With a carving knife, Reggie slashes, slashes and slashes again — and blood pours out of McVitie’s body. The camera cuts to Ronnie as he looks on approvingly. “Go on, Reggie, do him.” It is a gripping piece of cinema, all the more disturbing because it is shot in the prosaic surroundings of a neat and tidy flat. (So much blood was spilt that the Krays had to pay for new carpets.)
One of the intriguing — and controversial — aspects of the film is that Hardy plays Reggie sympathetically. Leaving aside the maiming and torture scenes, we are left with a picture of an intelligent, even considerate young man. Reggie’s appetite for violence was not piqued as often as his brother’s.
“I thought at the beginning that if Reggie’s not going to be the hero of the film, what’s the point?” says Helgeland. “I don’t need to spend two years of my life making a film like this, when I could spend 10 minutes telling you what a despicable person he was. In film, there is often such a black-and-white morality. You are either good or evil. It’s diminishing, in a way, to whatever it’s applied to. Reggie Kray had an inner life, he wasn’t a monster. But I’m not trying to soft-pedal what he was responsible for.”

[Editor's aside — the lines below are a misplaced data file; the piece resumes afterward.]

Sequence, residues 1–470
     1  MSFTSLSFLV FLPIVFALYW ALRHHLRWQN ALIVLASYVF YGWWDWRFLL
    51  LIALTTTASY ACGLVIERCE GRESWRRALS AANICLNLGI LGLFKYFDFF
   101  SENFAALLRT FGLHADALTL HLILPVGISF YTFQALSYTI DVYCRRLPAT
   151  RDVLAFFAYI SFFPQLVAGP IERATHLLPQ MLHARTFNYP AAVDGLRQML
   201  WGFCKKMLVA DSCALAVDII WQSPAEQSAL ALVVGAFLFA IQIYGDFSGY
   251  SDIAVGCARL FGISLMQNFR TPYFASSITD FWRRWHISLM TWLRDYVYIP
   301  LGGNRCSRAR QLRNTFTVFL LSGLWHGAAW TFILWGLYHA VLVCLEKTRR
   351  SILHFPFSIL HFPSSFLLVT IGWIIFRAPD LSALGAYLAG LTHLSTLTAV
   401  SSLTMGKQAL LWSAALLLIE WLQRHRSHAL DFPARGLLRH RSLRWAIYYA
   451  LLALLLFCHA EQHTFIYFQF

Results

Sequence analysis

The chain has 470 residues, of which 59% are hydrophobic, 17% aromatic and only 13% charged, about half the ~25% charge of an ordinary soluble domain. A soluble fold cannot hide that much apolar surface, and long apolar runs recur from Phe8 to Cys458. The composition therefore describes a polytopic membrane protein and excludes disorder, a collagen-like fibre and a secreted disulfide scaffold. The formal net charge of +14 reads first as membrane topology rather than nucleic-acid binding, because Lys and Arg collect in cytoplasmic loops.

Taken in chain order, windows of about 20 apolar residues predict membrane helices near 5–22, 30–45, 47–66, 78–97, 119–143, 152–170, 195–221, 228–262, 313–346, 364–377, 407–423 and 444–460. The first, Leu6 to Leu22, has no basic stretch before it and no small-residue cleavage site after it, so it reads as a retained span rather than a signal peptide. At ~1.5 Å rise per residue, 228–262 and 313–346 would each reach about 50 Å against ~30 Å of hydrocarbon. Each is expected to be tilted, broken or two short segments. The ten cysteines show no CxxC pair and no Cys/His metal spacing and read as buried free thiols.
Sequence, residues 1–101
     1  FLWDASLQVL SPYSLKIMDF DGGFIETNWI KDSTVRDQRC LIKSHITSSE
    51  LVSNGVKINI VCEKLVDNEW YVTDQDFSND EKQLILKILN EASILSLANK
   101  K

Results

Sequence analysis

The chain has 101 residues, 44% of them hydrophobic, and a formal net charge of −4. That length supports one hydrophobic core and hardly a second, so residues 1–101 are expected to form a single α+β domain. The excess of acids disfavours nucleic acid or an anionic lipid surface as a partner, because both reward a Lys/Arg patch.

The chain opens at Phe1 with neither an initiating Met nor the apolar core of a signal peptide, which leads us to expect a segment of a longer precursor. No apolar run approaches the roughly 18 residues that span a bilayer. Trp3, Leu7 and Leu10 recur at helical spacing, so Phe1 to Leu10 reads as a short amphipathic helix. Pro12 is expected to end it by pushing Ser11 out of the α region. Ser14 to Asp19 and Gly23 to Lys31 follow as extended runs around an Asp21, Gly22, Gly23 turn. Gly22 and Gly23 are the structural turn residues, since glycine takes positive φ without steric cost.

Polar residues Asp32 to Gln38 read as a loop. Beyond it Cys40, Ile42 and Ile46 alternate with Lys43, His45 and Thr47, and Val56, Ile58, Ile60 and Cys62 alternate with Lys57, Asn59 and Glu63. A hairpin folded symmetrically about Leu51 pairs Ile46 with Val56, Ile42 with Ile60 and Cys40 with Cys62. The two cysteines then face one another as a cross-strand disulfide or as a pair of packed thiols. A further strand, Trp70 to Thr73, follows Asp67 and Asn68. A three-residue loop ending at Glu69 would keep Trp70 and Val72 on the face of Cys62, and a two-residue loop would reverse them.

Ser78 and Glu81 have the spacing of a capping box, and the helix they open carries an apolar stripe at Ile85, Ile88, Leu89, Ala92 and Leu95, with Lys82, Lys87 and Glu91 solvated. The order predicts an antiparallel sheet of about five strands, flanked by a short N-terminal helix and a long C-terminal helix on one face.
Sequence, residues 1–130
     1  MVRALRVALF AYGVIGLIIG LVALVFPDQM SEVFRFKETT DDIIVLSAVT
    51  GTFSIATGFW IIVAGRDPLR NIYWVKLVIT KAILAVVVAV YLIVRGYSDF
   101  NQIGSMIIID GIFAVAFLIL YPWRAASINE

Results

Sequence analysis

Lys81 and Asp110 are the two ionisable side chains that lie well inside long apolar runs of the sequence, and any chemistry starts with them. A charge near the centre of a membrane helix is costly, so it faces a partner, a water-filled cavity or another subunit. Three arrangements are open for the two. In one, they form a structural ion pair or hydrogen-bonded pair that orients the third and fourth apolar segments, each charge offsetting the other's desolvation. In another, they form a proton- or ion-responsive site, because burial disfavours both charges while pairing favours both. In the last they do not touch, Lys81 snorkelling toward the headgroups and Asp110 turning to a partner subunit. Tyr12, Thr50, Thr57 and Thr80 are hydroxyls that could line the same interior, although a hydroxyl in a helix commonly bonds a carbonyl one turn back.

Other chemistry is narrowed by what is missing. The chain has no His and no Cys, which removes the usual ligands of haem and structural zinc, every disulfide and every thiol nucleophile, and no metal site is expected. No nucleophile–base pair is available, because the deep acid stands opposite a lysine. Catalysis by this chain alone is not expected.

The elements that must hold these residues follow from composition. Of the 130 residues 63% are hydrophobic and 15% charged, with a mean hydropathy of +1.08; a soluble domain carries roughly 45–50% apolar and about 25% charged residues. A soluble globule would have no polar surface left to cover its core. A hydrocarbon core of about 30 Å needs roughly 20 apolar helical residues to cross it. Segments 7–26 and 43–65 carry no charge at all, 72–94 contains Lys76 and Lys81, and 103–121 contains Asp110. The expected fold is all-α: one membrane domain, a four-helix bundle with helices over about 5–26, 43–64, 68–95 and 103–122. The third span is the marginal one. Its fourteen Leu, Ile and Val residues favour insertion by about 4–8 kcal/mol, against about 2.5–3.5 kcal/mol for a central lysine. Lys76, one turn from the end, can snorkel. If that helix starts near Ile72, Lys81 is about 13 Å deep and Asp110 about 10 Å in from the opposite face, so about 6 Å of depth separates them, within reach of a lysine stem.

The relationship between Reggie and his long-forgotten first wife, Frances Shea, is a central theme of the film. Reggie married Shea in 1965. In typical Kray style, their wedding photos were taken by David Bailey. Their marriage lasted just months; Frances left him — in the film, following a gin-fuelled beating from her husband — and began calling herself Shea again. She tried to get the marriage annulled on the grounds of non-consummation, but Reggie delayed proceedings, imploring her to return and promising a second honeymoon in Ibiza. Before a court got the chance to hear the annulment case in 1967, Frances, alone, depressed and pill-dependent, ended her life. She was found dead from an overdose, and was buried — under the name Kray — in the family’s showpiece plot in Chingford.
Reggie never really recovered from his grief, and although Frances’s central role in the Krays’ story has been overlooked in the macho folklore that always accompanied it, her death marked a turning point for the twins’ empire. Helgeland realised this when he met Chris Lambrianou, a former member of The Firm, outside one of the Krays’ old haunts in the East End.